Finding coefficient of linear expansion

  • #1
Hi there :)

At 19[tex]\circ[/tex]C, a rod is exactly 20.08 cm long on a steel ruler. Both the rod and the ruler are placed in an oven at 285[tex]\circ[/tex]C, where the rod now measures 20.18 cm on the same ruler. What is the coefficient of linear expansion for the material of which the rod is made?

I used the formula for linear expansion
change in L = Lx(coefficient of linear expansion)(change in temperature)

My attempt:

Steel's coefficient of linear expansion as given by my textbook: 11x10-6

So over the temperature range of 266 degrees (285 - 19), each centimetre would differ by about (266)(11x10-6) = 0.002926

Multiplying by 20.18 gives 0.059

Taking this away from 20.18 gives: 20.1209

The change in length will now be: 20.12 - 20.08 = 0.04095

Subbing into the expansion formula:

0.04095 = (20.08)(285 - 19)(a)

a = 7.667x10-6

This is for an assignment, and I just want to see if I'm heading in the right direction

Thanks in advance
 
Last edited:

Answers and Replies

  • #2
vela
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Hi there :)

At 19[tex]\circ[/tex]C, a rod is exactly 20.08 cm long on a steel ruler. Both the rod and the ruler are placed in an oven at 285[tex]\circ[/tex]C, where the rod now measures 20.18 cm on the same ruler. What is the coefficient of linear expansion for the material of which the rod is made?

I used the formula for linear expansion
change in L = Lx(coefficient of linear expansion)(change in temperature)

My attempt:

Steel's coefficient of linear expansion as given by my textbook: 11x10-6

So over the temperature range of 266 degrees (285 - 19), each centimetre would differ by about (266)(11x10-6) = 0.002926

Multiplying by 20.18 gives 0.059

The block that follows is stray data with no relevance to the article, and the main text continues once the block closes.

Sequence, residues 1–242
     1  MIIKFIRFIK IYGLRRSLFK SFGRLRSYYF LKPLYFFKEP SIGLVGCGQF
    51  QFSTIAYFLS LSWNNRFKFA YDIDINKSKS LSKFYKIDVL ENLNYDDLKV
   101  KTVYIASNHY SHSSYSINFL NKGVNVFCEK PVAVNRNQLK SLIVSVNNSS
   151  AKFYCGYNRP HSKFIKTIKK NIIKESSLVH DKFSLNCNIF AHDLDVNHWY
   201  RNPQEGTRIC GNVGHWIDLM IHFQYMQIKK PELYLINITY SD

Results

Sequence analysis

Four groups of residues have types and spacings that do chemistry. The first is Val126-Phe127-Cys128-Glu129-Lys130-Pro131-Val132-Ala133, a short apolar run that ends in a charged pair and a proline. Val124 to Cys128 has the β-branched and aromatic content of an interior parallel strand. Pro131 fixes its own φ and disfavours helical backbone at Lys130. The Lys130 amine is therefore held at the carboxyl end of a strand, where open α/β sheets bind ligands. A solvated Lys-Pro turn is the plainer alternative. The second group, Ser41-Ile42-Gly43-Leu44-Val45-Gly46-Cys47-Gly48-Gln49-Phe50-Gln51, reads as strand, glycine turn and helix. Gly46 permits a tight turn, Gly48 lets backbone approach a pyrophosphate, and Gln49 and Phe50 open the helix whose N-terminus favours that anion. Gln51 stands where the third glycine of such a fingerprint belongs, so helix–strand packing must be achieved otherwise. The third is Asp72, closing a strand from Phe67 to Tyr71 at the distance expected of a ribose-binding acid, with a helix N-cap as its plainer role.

Looks fine up to here. I don't follow your logic for what you did next.
Taking this away from 20.18 gives: 20.1209

The change in length will now be: 20.12 - 20.08 = 0.04095

Subbing into the expansion formula:

0.04095 = (20.08)(285 - 19)(a)

a = 7.667x10-6

This is for an assignment, and I just want to see if I'm heading in the right direction

Thanks in advance
 
  • #3
49
2
I suggest you clearly define first the 0.059 that you get. What is it actually? Once you get it you'll be in the right track.
 
  • #4
I just thought that since 0.059 is the measurement by which the 'real' and 'expanded' measurements differ on the ruler, taking this away from the 'expanded' value (20.18) will give what the rod's true measurement is.

Is this in any way correct?
 
  • #5
I realised what I did wrong, I just submitted my assignment then and got that question right, so thanks for questioning my method and putting me on the right track, much appreciated :)
 
  • #6
vela
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Sorry, I was unable to respond more quickly, but I'm glad you figured it out.
 

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